There is a strongly held perception that Wall Street’s analysts tend to call a stock a “strong buy” when its price and earnings are high and to label it a “sell” after its price and earnings have fallen. Many investors also tend to follow the momentum of the market, wanting to invest when the market is rising and sell when the market is falling. Such investors and even some sophisticated stock analysts confuse the high earnings during favorable economic times with the average earnings power of the company. Investments purchased at peak earnings or at high multiples often do not offer an adequate margin of safety or long-term rate of return.
Value investing is conceptually easy to grasp but a difficult discipline to practice as it runs contrary to a herd mentality.
Margin of safety is a fundamental principle of value investing, which states that an investor will purchase a stock if it is priced below its intrinsic value. Intrinsic value is the economic value of a company based on its long-term earnings power. The difference between the purchase price and the intrinsic value is the margin of safety. The greater the difference, the larger the margin of safety that provides an extra cushion in the event of future pressure on earnings from a myriad of factors (economic, market or company specific). Prices fluctuate more than intrinsic value, meaning opportunities exist to take advantage of irrational pricing and market psychology.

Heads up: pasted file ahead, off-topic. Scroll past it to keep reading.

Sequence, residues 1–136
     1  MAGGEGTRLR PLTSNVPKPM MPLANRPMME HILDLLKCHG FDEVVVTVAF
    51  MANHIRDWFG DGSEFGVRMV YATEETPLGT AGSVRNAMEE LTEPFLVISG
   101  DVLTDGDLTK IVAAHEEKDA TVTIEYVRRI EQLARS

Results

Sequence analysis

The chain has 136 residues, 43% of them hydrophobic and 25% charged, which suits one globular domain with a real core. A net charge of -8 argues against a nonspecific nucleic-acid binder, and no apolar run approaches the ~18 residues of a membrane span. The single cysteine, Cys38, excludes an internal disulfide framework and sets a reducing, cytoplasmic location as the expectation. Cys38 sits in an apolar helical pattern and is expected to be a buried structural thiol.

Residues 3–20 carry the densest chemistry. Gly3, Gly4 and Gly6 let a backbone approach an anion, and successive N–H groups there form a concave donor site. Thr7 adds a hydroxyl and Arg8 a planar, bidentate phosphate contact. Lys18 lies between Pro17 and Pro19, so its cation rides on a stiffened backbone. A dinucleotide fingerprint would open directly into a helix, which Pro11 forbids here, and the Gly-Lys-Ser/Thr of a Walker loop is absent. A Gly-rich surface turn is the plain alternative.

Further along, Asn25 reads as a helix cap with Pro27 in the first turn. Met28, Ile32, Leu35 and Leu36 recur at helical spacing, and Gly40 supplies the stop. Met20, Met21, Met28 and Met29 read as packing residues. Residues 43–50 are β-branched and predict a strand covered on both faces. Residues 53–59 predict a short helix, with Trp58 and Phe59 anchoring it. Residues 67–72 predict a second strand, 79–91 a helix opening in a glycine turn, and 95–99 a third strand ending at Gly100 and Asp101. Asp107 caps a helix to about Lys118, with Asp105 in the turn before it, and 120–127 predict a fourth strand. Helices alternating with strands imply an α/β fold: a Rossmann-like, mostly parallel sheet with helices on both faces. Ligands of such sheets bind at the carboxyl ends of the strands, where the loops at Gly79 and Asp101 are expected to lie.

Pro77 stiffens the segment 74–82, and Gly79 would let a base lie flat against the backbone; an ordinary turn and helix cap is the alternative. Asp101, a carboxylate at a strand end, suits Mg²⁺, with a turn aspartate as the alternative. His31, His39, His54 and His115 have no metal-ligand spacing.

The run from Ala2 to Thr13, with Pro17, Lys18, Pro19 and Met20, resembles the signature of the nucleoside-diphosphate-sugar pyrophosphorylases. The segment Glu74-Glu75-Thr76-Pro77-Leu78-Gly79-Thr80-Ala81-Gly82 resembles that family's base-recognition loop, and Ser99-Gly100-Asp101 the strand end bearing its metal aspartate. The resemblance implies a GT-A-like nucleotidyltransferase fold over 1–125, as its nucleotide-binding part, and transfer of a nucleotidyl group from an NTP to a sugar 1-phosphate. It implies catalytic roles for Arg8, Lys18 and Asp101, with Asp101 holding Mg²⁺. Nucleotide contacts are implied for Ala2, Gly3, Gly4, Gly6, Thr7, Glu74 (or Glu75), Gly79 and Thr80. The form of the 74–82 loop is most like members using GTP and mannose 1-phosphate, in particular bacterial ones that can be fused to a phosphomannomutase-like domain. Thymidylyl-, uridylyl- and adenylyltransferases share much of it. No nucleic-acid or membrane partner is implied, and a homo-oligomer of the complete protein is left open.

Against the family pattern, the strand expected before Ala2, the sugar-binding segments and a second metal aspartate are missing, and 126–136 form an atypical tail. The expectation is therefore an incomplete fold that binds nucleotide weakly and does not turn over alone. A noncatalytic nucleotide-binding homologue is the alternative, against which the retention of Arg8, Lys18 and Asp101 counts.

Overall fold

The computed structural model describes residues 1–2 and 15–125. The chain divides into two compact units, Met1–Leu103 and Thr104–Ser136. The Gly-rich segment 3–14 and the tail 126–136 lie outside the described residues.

The purpose of margin of safety is not just to preserve the initial capital investment, but to improve upon it. When a stock is purchased below its fair or intrinsic value, the expectation is that in some future time period the stock price will converge with its fair value in a rational market. If the growth expectations end up being correct, an investor who has bought at the discounted price will ultimately earn a superior rate of return.
Our First Quarter Letter noted that the current bull market celebrated its eighth anniversary on March 9, 2017. Value investing and margin of safety concepts are not so attractive in rising markets. The essence of value investing is finding a veritable bargain, which can be difficult in an aged bull market. As we’ve mentioned before, value investing is conceptually easy to grasp but difficult to practice as it runs contrary to a herd mentality. It entails researching investment options in depth, usually to discover the stock is fairly priced even though it shows some value attributes. It requires patience and a willingness not to participate in market momentum or a particular sector fad. It also requires fortitude to invest “in the foulest of weather.” Purchasing stocks in a declining market without knowing the bottom can be challenging. Stocks tend to trade at their greatest margin of safety during negative economic periods when investors are overly pessimistic.